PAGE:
Millions of Iranians listened to every word of Farhadi and soon the Persian translations of his speech circulated around the world, and soon after that myriads of congratulations showered over him and his team. At the moment of this triumph, they were thinking of master filmmakers like Sohrab Shahid Sales (1943-1998) who had died in exile, or like Amir Naderi and Bahram Beizai who are outside their homeland, or like Jafar Panahi who are banned from filmmaking.
The ruling regime, having just banned the only independent union of Iranian filmmakers, the House of Cinema: The Iranian Alliance of Motion Picture Guilds, had no share in this honour. As always, Iranian filmmakers had to dodge censorial policies of the Islamic Republic to bring Iranians glory.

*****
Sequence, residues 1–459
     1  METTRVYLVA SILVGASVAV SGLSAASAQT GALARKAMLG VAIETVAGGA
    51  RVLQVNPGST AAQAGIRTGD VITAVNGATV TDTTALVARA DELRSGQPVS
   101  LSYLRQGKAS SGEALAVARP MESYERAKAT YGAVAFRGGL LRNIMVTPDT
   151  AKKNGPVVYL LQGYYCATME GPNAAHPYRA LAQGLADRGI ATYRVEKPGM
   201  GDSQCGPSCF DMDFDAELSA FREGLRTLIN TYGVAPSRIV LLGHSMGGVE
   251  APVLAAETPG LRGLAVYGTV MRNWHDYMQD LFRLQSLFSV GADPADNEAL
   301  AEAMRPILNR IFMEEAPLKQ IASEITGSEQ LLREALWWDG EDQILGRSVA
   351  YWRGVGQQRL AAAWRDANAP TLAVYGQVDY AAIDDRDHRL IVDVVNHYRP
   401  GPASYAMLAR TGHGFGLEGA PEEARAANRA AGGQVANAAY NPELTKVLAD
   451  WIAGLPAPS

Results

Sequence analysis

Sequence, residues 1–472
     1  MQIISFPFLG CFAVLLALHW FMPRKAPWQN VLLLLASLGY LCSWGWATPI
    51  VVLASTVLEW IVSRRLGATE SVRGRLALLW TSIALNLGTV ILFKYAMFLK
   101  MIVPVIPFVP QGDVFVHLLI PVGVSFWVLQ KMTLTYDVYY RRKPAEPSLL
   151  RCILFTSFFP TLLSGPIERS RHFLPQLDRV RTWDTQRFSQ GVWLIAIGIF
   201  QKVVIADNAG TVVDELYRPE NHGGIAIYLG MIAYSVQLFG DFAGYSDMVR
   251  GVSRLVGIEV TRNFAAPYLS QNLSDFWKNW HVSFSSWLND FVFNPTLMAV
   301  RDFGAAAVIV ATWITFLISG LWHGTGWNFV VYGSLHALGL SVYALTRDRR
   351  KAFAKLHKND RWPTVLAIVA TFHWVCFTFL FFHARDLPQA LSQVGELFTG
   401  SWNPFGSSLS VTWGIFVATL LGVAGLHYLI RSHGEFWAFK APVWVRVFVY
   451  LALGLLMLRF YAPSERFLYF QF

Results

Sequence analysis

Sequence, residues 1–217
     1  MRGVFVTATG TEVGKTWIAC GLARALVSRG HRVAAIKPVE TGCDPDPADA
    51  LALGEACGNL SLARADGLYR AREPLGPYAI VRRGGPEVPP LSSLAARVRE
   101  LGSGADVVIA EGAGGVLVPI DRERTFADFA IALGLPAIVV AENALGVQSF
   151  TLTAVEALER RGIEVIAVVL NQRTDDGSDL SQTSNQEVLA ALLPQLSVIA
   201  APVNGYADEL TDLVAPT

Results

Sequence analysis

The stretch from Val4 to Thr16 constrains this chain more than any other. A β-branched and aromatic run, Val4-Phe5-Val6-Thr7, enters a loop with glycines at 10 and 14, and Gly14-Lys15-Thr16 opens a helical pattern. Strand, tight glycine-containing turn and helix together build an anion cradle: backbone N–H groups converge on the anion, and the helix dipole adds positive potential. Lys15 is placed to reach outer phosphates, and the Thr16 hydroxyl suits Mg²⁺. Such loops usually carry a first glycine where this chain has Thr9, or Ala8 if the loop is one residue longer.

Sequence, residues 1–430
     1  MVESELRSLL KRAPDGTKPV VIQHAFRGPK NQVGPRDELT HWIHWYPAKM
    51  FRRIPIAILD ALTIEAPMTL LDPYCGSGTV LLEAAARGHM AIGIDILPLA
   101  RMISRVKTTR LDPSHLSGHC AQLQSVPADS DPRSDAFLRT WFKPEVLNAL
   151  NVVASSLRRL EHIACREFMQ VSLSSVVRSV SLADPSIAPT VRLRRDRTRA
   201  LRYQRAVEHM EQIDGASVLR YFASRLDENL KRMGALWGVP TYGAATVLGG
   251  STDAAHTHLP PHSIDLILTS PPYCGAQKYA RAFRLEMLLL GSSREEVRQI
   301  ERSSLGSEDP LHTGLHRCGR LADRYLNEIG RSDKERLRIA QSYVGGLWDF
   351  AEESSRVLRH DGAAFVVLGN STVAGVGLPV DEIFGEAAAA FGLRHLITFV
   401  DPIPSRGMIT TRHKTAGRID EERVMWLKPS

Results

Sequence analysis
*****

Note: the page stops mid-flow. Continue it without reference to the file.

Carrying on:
The fear of the ruling regime of the global popularity of Iranian cinema is legitimate. In their cinema, Iranian people have already escaped the garrison state that the ruling regime wishes to impose on 75 million human beings. The transnational audience that Iranian cinema has generated and sustained for itself amounts to the final and formal destruction of the incarcerated subject of the Islamist tyranny, happily liberated onto the global stage.
Hamid Dabashi is Hagop Kevorkian Professor of Iranian Studies and Comparative Literature at Columbia University in New York. His books and articles on Iranian cinema include Masters and Masterpieces of Iranian Cinema (2007).